[70 Years of ODA - 1] The Changing Roles of Japan’s ODA and JICA: An Interview with International Political Scientist Nakanishi Hiroshi


This year marks the 70th anniversary of Japan’s Official Development Assistance (ODA) to developing nations. Japan has used its experience and knowledge to support the foundation-building of developing nations and promote the construction of a peaceful and stable international society. The “Development Cooperation Charter,” which serves as the guide for ODA in Japan, was revised last year to correspond with the changing times. JICA executive Sanada Akiko talked to political scientist Nakanishi Hiroshi about how the awareness of development cooperation and JICA’s role have changed.

Nakanishi Hiroshi, a Professor at Kyoto University’s Graduate School of Law, Legal and Political Studies and Sanada Akiko, JICA’s Senior Director of the Strategic Planning Division, Operation Strategy Department.

Nakanishi Hiroshi (left) is a Professor at Kyoto University’s Graduate School of Law, Legal and Political Studies. He chaired an expert panel on the revision of the Development Cooperation Charter. Sanada Akiko (right) is JICA’s Senior Director of the Strategic Planning Division, Operation Strategy Department.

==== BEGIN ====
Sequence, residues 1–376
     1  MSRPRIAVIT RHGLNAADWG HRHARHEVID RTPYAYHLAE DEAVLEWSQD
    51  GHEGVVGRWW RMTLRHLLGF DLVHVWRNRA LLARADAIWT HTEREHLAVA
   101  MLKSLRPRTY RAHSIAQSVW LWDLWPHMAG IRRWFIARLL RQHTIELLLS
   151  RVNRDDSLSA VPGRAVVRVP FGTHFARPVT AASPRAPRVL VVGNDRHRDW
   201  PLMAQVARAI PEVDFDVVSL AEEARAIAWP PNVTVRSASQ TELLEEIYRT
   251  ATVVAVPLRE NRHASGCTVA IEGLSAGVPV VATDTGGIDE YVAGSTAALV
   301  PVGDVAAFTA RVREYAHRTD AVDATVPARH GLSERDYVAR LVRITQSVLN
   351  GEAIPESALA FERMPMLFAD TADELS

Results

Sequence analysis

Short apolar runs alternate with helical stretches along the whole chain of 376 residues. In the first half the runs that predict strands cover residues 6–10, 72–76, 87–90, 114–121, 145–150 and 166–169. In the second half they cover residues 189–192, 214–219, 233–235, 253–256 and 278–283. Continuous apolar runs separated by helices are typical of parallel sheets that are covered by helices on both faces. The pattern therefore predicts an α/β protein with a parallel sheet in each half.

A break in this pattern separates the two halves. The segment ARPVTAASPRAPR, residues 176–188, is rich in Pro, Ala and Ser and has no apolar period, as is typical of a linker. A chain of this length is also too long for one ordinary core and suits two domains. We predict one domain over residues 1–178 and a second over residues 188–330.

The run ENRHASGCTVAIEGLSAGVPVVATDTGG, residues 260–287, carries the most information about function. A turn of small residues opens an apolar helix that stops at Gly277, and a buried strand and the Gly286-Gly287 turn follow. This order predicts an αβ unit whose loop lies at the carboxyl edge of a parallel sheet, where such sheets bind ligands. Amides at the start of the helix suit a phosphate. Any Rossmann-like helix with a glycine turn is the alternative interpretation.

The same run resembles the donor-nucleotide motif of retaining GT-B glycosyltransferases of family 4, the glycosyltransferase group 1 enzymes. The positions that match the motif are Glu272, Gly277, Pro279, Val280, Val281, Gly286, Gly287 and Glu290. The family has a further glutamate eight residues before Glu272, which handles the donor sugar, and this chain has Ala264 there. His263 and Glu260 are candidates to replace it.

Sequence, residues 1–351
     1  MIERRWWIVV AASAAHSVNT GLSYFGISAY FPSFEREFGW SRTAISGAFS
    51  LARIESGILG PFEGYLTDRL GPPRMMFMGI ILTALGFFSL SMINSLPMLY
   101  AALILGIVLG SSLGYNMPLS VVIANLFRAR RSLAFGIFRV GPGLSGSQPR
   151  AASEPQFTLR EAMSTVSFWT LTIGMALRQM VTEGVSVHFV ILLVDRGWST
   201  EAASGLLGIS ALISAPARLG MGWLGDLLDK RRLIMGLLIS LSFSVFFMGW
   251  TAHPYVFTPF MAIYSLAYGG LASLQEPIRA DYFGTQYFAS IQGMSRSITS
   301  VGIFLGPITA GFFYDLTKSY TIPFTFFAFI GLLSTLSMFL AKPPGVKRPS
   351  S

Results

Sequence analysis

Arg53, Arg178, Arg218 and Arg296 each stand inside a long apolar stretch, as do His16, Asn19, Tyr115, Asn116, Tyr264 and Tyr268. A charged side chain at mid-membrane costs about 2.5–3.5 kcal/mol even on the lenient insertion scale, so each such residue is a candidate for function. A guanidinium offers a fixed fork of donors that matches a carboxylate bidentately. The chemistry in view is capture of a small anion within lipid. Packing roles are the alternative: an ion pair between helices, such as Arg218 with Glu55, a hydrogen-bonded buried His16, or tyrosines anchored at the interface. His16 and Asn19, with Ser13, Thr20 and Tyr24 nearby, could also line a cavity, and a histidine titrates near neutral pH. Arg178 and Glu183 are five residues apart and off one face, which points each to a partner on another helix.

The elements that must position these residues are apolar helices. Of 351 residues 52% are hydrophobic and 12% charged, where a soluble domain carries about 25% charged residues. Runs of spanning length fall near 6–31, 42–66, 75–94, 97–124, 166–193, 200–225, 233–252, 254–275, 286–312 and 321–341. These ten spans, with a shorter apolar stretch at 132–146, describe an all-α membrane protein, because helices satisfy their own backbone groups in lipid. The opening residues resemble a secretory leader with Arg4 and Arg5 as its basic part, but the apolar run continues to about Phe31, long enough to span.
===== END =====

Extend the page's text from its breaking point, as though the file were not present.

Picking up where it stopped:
Working together to solve global issues in unstable times. The new significance of development cooperation

SANADA: In addition to dealing with global issues like climate change, the international society is at a historic turning point—facing compound crises, including risks of international division. What is your view of the critical current situation?

NAKANISHI: The international situation is becoming unstable, considering the Ukraine conflict and the battles between Israel and Hamas. Instead of one large conflict dominating the world, there are various lines of divisiveness and areas of conflict, and these conflicts are growing more intense.